Hokusai: 36 Views of Mount Fuji opens Saturday, March 24, as part of our Japan Spring celebration. In honor of the exhibition, Bento presents a series of posts on the life and times of Hokusai, the famed artist behind the esteemed series that includes the iconic print Under the Wave off Kanagawa, better known as The Great Wave. This article was written by Victoria Dawson and previously appeared in Asiatica magazine.
In the 1850’s—the decade after Hokusai’s death—Japan was opened up to the West and paintings and prints began to flow to Europe and into America. Over the next fifty years, Hokusai gradually emerged in Western eyes and in the Western imagination as the Asian artist par excellence. Much has been written about his influence on designs of European and American artists in the late nineteenth century. Indeed, in Vienna, at the 1873 international exhibition, a major exhibition of Hokusai works underscored the high degree of popularity that he enjoyed in the West. But through most of the last century, beyond a relatively small group of researchers and collectors, the artist was largely identified in the popular imagination as a print designer. His most famous work, The Great Wave from the print series Thirty-six Views of Mount Fuji (circa 1830–33), is virtually synonymous with Japanese art—and so ubiquitous that it can be found almost anywhere that ink can adhere to a surfave—from tote bags to magnets. [The print can be seen at the Sackler Gallery as part of the exhibition on view from March 24 through June 17, 2012.]
Hokusai was someone with a very deep sense that wherever he was, it was not the final place—he was always looking for something beyond. He was an individualist whose art seems infused with a sense of irony, hauntedness, and a search for meaning. His prolific productivity, his cherished independence, and his groundbreaking visual techniques suggest a man who was obsessed with something other than money or social standing.
Then, as now, there were scores and scores of artists who were content with the status quo, satisfying rather than challenging the expectations of their viewers. Not so Hokusai. Consider, for example, the contrast between two prints of waves, created within several years of one another. In The Great Wave, Hokusai presents a rather generous vision of sweeping waves with Mount Fuji in the distance. A print he created only a year or two later offers a claustrophic alternative: In Chosi in Shimosa Province (circa 1833–34, from the series One Thousand Pictures of the Ocean) the waves cleave to a sharp diagonal line, crashing against the jagged rocks and shoals. A second, distant fishing boat offers none of the reassuring stability that Mount Fuji provides in the earlier print.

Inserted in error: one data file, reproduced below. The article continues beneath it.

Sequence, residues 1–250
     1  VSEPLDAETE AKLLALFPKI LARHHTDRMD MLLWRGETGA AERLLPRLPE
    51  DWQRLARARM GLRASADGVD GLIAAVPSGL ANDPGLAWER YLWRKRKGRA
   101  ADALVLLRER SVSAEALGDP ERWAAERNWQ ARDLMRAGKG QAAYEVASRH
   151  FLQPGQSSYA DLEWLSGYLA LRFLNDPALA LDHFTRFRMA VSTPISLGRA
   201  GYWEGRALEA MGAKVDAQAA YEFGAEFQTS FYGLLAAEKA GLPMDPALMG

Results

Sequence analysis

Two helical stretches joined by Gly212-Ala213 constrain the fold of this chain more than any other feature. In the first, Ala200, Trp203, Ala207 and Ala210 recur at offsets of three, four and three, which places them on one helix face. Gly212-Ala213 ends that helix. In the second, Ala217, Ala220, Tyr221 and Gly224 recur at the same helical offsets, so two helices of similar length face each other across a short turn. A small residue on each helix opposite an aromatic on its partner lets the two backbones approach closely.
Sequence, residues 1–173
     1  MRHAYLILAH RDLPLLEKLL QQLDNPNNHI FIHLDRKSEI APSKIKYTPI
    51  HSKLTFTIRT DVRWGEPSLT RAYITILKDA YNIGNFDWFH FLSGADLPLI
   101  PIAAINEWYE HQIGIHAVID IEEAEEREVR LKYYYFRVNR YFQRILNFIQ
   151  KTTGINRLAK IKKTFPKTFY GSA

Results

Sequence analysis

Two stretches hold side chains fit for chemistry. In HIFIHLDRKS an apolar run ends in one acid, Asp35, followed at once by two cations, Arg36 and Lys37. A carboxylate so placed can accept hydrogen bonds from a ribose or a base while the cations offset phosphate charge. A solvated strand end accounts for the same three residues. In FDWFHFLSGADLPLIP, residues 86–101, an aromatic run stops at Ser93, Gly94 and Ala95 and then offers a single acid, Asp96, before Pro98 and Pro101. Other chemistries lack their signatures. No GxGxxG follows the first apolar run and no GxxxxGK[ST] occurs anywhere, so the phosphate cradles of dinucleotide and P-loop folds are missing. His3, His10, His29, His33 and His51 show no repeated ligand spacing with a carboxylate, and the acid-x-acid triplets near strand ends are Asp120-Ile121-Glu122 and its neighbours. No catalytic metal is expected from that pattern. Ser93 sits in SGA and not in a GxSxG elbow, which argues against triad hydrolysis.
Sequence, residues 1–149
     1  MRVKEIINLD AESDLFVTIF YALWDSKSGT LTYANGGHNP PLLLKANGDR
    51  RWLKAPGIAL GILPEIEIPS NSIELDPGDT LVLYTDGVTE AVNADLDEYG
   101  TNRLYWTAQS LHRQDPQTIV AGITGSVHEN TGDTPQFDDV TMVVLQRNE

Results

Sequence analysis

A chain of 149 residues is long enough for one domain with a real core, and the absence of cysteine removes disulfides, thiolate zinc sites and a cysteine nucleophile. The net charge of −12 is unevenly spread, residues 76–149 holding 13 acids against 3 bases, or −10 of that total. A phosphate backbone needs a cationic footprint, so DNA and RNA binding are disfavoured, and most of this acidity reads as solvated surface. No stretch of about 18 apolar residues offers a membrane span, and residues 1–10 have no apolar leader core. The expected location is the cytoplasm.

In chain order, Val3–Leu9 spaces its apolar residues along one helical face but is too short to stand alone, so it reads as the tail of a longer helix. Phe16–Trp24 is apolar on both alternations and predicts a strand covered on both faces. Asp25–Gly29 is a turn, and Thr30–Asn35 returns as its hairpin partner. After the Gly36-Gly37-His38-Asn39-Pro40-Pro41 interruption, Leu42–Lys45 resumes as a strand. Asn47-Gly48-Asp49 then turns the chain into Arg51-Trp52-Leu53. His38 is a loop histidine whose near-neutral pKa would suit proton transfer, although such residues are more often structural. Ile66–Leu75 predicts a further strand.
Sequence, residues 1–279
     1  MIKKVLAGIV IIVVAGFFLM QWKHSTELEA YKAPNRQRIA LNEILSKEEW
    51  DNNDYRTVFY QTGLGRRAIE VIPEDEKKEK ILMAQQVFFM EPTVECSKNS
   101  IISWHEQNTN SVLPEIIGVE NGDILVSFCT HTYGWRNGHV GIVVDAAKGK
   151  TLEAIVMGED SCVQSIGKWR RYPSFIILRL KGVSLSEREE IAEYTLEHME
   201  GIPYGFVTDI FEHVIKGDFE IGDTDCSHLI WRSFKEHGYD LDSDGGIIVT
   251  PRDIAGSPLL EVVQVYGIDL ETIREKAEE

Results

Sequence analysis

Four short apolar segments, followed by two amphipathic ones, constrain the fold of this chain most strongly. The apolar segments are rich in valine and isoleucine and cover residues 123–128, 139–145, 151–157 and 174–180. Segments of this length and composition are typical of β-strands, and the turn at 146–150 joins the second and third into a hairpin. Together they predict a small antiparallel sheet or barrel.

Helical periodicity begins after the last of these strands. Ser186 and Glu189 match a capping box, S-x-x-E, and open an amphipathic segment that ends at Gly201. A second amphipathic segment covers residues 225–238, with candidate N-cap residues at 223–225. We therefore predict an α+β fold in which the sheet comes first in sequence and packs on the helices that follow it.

“There is no escape. Visually, Hokusai doesn’t allow it,” says Jim Ulak, senior curator of Japanese art at the Freer|Sackler. “He seems to say, ‘Well, you were comfortable with The Great Wave? Now, I’ll give you something to be afraid of—a darker vision, a sense of being trapped.’ Why would Hokuasi have done that? Not to make the viewer feel comfortable. You can always expect him to pull the rug out from under you.”
As an artist who has done woodblock prints and having examined Hokusai’s work I was so excited to hear of this exhibit. I live in Michigan but I definitely want to make the trip to DC to see these amazing works. Also, I’ve never really thought about how iconographic Hokusai’s work is in the west, so thank you for your post!
The exhibit opens tomorrow and runs through June 17, 2012. It’s a rare opportunity to see some of the finest examples of prints from the famous series, Thirty-six Views of Mount Fuji. Thanks for your comment.
I have been fond of ukiyo-e woodblock prints for many years. My favorites haven’t changed: Hokusai for nature and Utamaro for portraits. And my favorite Hokusai work continues to be the first I ukiyo-e I ever saw, his Wave. This is a beautiful digital reproduction!
If possible, I hoped you might be able to answer a question, Mr. Kaplan. I viewed the enlargement of the image above, and noticed a graphic in the lower left corner, on the black matte surrounding the image. What is it? is it used for photographing and digital reproduction? I am curious, if you might have details.
Thank you again for this post, and for the other recent Hokusai related coverage. I only wish I could visit the exhibit in person. Perhaps I will find a way before June 17.